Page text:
## What is Logarithm

A logarithm is an inverse function of exponentiation. A simplified way of saying the same would be, that a logarithm is the opposite of an exponent. E.g.

The exponent form 2^3 = 8 can be written in its (opposite) logarithm form as \log_2 8 = 3

Let us describe the above mathematical forms in their simple English equivalents.

2^3 = 8, asks the question what will be the value if 2 grows** **3 times? Answer is 8

\log_2 8 = 3, asks the question how many times will 2 have to grow to reach 8? The answer is 3 times

## What is Natural Logarithm?

A natural logarithm is a special case of logarithm which has Euler’s constant (e) as its base. Mathematically Euler’s constant can be written as e^x. If we convert this into logarithmic form, we get the natural log.

e^x = a ==> \log_e a = x

The logarithm form is denoted as ln(a), which is called natural log.

Let us describe these mathematical forms in their simple English equivalent.

e^x = a , asks the question what will be the value if e grows x times ? Answer is a

ln(a) ==> \log_e a = x , asks the question how many times will e have to grow to reach a> Answer is x times.

## Practical Application of Logarithm

Logarithms have practical applications in the following:

### Scaling in Graphs

In graphs, logarithms are used for displaying a large range of values in compact space. For example, consider this covid death data plotted in both linear and log axis. The left side shows linear scale of deaths on Y-Axis. The right side graph shows logarithmic scale of deaths on Y-Axis. We have used logarithm to compact the size of the Y-Axis.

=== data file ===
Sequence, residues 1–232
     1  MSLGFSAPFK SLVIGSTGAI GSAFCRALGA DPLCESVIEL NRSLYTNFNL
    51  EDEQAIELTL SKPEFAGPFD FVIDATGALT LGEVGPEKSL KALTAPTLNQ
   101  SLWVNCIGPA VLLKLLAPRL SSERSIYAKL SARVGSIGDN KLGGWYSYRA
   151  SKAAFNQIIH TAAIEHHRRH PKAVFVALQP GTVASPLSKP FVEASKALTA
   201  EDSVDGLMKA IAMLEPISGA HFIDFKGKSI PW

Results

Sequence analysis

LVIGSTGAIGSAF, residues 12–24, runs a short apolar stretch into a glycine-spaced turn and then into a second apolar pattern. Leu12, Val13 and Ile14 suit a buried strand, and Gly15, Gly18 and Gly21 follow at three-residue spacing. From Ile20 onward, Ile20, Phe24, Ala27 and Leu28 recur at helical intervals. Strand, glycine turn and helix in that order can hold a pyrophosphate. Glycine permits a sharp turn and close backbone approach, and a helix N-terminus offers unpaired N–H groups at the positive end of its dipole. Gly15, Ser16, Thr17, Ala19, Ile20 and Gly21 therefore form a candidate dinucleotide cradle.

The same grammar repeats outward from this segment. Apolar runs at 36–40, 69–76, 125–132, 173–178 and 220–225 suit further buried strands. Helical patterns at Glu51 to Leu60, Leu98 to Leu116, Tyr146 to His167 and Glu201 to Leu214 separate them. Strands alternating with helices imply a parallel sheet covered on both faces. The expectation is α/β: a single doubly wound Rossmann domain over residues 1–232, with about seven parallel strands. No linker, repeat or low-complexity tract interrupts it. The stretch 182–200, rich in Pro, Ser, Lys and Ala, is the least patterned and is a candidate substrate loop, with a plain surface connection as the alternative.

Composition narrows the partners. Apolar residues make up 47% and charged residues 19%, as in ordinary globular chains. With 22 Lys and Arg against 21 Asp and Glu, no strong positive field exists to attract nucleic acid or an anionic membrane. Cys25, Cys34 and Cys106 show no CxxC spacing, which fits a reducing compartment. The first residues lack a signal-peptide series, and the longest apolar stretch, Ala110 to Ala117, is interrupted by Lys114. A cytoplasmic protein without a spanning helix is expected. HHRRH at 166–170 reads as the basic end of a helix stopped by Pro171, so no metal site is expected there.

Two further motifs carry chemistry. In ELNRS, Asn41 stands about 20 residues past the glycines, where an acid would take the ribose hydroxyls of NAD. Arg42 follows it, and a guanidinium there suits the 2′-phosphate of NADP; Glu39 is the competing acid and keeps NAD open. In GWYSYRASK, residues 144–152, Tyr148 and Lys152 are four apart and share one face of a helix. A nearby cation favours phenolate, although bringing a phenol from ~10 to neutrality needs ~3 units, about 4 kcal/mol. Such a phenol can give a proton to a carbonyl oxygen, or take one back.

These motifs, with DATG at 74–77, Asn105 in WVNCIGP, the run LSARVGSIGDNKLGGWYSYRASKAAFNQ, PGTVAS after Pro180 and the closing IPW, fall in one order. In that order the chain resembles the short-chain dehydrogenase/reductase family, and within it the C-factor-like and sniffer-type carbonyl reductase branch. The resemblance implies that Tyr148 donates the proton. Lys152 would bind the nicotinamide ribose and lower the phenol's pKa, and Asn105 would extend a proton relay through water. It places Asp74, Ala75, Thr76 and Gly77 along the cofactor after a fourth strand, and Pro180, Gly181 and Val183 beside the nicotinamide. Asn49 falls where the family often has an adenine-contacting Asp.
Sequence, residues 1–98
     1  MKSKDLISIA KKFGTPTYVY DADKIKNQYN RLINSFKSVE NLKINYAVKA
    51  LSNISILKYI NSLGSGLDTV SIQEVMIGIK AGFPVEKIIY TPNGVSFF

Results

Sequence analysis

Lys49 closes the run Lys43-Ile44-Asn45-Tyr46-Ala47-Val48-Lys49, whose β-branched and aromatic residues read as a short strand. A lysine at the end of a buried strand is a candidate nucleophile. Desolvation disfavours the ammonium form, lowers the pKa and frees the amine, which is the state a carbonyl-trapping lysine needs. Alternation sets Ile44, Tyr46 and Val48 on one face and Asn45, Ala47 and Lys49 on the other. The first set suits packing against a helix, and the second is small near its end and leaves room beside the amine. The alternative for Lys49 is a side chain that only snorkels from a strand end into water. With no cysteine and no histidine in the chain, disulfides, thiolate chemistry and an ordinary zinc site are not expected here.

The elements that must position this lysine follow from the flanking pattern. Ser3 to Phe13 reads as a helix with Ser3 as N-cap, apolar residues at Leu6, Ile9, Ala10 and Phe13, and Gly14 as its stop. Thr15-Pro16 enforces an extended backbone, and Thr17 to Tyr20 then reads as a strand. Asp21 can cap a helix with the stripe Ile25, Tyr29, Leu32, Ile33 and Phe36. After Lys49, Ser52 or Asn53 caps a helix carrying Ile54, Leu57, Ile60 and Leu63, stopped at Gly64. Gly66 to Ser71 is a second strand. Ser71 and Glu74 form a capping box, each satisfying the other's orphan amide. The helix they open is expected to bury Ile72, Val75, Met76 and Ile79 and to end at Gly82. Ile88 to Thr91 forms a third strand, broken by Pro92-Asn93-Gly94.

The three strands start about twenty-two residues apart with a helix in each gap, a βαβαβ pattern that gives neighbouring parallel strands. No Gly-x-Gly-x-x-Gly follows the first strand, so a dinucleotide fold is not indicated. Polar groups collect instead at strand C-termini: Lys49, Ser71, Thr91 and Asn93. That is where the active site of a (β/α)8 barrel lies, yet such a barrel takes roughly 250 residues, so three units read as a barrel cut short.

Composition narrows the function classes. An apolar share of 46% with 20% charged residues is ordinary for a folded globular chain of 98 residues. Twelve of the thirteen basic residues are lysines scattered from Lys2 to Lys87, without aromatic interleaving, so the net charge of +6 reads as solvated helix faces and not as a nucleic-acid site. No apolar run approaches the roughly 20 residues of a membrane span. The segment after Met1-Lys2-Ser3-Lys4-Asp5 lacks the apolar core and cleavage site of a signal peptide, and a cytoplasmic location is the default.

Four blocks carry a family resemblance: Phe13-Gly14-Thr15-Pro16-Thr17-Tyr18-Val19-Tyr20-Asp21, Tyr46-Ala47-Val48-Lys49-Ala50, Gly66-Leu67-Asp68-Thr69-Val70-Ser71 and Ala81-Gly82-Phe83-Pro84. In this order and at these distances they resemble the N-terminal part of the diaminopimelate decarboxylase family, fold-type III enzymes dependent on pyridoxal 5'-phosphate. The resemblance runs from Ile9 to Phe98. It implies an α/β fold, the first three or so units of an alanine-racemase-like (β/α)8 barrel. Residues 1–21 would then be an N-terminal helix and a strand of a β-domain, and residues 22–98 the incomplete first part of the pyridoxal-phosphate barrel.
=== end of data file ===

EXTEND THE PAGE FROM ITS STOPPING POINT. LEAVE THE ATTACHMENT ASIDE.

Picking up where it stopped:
It is interesting to note that about 60% of the respondent in a recent survey by LSE did not understand what was being explained by a logarithmic graph. In another interesting article, Mordechai Rorvig explains the dynamics of log scale graphing and the cautions required in reading the logarithm axis.

### Measurement scales

Logarithms are used in measurement scales where calculations require taking values over a large range into consideration. A few examples of measurement scales engaging logarithms are

#### Ritcher scale for earthquake monitoring

The Richter scale is logarithmic and uses a base of 10, meaning that whole-number jumps indicate a tenfold increase. In this case, the increase is in wave amplitude. That is, the wave amplitude in a level 6 earthquake is 10 times greater than in a level 5 earthquake, and the amplitude increases 100 times between a level 7 earthquake and a level 9 earthquake.

#### Google page rank algorithm

Google’s page rank algorithm shows the relative authority and traffic of a website on a scale between 0 -10. A higher number means higher traffic. The PageRank score is a logarithmic score. The actual calculation takes a lot of factors into account e.g. backlinks, referring domains, pr quality, authority score, etc. For this illustration, I have only taken traffic as an indicator. The two columns with log values calculate the rank with base 10 and 6 respectively. The main idea here is that we can use logarithms to represent a large-scale variation with a smaller number which makes intuitive sense for readers.

Domain | Monthly visits (similarweb.com) | log10(x)=Pagerank | log6(x)=Pagerank | Estimated Google Pagerank (checkpagerank.net) |
---|---|---|---|---|

cnn.com | 524,000,000 | 8.7 | 11.2 | 9 |

latrobe.edu.au | 22,000,000 | 7.3 | 9.4 | 6 |

### Growth & decay

Logarithmic growth is the inverse of exponential growth and is very slow. Exponential growth starts slowly and then speeds up. Logarithmic growth starts fast and then slows down.

The function of logarithmic growth describes a relationship where the result can be described as a log function of input

f(t)= A.Log(t) + BThe confusion between logarithmic growth and exponential growth can be explained by the fact that exponential growth curves may be straightened by plotting them using a logarithmic scale for the growth axis.